Breaking the news to your firstborn – Oh brother!

Parenthood doesn’t come with a manual and, at times, it can feel like groping around for a light switch in the pitch dark. Preparing an older child for a new baby coming into their life can often be daunting, but with the right resources and by taking it slowly, it can also be a fun and rewarding time as you include your child in the excitement running up to the birth.

There’s no written guideline about when or how to tell your older child the news, but here, one mother tells us how it all worked for her.

A baby in my tummy?

Being a mother is an all-consuming task, as I rapidly discovered after the birth of my first child. It creeps into every single area of your life and settles into a permanent position in your brain; creating a ‘motherhood’ filter through which you now view your life.

When my first son was born, I was quite taken aback by how suddenly and strongly there was a new focus in my life. He depended on me for everything. My husband tried to help out a lot, but due to the fact that he doesn’t have any breasts there was only a limited amount of help he could give in the early days. Plus, there was the fact that I felt ultimately responsible for our child’s wellbeing. If anything happened, even if it wasn’t on my watch, then it would be my fault for not taking care of him better. Well that’s how I felt!

Fast forward a couple of years and we decided that, in terms of having another baby, time was running out. I was 38 and very keen to have my second (and last) child before I was 40. Don’t ask me why, it just felt like a natural cut-off point. My husband and I had only ever wanted two children and it was important to us that they were close in age. I was very fortunate not to have any trouble conceiving and it happened for us in our third month of trying. Having already been through this all once before, I considered myself an old hand and sailed confidently into the choppy waters of early pregnancy.

Well. Let me tell you that I was in for a massive shock. The morning sickness in my second pregnancy was nothing like I’d experienced before. I was hunched over the toilet bowl for a good proportion of every day, a slave to my pregnant body and its rushing hormones. I cried a lot of the time; I couldn’t look after our son like I had before and it devastated me. I was utterly dependant on my family for help and his little life had suddenly changed dramatically. I can still remember his solemn face at the bathroom door as he stood and watched me vomiting. He was furiously stroking his toy giraffe. I felt like if I could have explained what was going on, then it would have made things better. I could have applied a simple logic to the situation which showed that this was a transient phase and it would end. But we’d decided not to tell him about his new sibling until a lot later in the pregnancy.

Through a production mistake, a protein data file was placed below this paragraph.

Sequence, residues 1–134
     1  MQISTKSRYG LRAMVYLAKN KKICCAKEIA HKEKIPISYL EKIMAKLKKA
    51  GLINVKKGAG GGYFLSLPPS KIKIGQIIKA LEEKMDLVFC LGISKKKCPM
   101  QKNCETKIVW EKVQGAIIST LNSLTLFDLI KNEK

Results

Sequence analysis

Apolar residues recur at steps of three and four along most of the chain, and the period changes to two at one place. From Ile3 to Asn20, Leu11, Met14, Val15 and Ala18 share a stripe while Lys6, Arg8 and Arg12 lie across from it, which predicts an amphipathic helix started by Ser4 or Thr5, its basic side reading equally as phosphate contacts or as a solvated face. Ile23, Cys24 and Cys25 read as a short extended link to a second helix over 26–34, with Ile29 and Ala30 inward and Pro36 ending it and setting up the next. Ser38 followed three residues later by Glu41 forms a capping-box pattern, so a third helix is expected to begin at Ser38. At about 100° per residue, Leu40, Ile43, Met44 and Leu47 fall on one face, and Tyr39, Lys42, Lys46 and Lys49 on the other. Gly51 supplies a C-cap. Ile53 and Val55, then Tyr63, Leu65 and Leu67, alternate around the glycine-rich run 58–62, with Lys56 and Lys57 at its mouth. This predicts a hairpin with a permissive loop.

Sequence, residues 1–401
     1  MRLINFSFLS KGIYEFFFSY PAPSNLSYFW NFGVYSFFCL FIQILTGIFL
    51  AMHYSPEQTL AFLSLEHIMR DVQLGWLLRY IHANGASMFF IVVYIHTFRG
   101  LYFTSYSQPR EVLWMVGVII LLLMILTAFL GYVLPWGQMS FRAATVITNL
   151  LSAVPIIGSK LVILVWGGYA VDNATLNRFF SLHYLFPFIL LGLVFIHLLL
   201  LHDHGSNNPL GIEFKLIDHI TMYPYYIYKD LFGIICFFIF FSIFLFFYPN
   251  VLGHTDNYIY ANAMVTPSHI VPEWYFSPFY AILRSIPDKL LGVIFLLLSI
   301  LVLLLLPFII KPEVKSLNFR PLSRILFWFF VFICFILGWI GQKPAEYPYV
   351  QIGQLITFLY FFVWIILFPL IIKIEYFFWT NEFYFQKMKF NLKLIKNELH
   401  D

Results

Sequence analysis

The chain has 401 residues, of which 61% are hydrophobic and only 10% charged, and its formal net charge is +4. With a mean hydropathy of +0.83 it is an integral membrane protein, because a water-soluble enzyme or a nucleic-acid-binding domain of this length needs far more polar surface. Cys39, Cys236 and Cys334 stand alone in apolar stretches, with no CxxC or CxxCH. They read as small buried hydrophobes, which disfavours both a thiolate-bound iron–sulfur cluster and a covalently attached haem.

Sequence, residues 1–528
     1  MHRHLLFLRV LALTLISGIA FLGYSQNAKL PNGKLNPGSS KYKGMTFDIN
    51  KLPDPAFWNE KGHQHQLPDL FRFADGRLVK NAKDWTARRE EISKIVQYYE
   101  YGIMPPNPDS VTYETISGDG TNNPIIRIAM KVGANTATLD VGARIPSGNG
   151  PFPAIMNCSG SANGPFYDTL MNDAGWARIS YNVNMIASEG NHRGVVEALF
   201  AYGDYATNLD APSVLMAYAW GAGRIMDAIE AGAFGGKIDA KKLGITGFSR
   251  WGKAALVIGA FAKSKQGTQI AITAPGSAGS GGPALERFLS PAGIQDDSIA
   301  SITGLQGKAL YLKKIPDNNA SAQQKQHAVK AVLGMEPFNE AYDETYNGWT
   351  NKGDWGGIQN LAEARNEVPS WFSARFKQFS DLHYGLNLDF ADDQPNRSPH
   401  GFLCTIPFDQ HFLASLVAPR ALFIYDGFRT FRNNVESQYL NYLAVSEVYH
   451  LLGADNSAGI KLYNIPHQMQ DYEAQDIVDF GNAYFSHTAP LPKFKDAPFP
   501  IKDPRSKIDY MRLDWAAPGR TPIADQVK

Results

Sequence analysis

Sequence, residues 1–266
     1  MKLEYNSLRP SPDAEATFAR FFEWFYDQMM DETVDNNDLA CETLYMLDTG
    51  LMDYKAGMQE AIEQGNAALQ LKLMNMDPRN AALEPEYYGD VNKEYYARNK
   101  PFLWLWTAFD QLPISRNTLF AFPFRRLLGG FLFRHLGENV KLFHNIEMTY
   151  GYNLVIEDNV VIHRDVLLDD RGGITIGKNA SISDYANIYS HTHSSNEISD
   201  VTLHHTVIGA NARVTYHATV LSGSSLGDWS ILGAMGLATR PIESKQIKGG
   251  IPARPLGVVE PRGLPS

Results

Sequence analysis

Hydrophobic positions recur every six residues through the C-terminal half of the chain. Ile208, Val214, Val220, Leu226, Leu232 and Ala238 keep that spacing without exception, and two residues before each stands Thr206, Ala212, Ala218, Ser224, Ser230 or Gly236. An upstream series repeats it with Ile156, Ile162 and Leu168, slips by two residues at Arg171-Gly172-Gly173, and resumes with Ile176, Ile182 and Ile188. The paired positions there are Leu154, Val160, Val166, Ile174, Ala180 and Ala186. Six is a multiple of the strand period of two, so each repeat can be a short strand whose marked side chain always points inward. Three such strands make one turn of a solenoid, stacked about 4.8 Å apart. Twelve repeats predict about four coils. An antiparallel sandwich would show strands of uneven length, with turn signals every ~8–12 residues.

As it was, we waited until shortly after my twenty week anomaly scan. The original plan was to tell him after 24 weeks, when the baby would stand a chance of survival should he or she be born early, but I was sitting stroking my baby bump one morning at 23 weeks when he wandered in and said “What you doing Mummy?” – and considering that I was well into my second trimester, it felt like the most natural thing in the world to tell him.

“There’s a baby in there,” I said. “A baby in my tummy.”

“A baby in you tummy? A real one?”

So, without any real plan in my head I gently explained that before long he would have a little brother or sister.
“Okay,” he said and then we went out to the park so that he could absorb this new information one bit at a time.

Luckily for us, our boy was beyond excited about the imminent new arrival and we prepared him carefully. We bought him books about having a new baby in the house, we sorted through his toys so he could choose ones that he thought the baby would like and did the same with his clothes. The only thing that he refused to relinquish were his Paw Patrol pyjamas!

Without being overwhelming, we began to incorporate the idea of babies into his everyday life. At the toddler group we attended I pointed out the tiny babies in slings, sleeping while their siblings played. We went to the toyshop and I bought him his own baby and pram, with a bottle so he could ‘feed’ it.

By 23 weeks it was getting quite easy to feel the kicks inside me, so when the baby was facing the right way my little boy could put his hand on my tummy and feel the baby moving around for himself. It was a huge excitement for him, and the thing wasn’t anything like as bad as I had expected. He took the news happily and was excited about having a new baby in the house.

The only time when we came slightly unstuck was when he tried to put in an order for the baby to be a little brother – but I swiftly explained that it doesn’t work like that!

Important – If you or your child are unwell you should seek medical advice from a professional – contact your GP or visit an A&E department in an emergency. While My BabyManual strives to provide dependable and trusted information on pregnancy and childcare 24/7 via our website pages, we cannot provide individual answers to specific healthcare questions.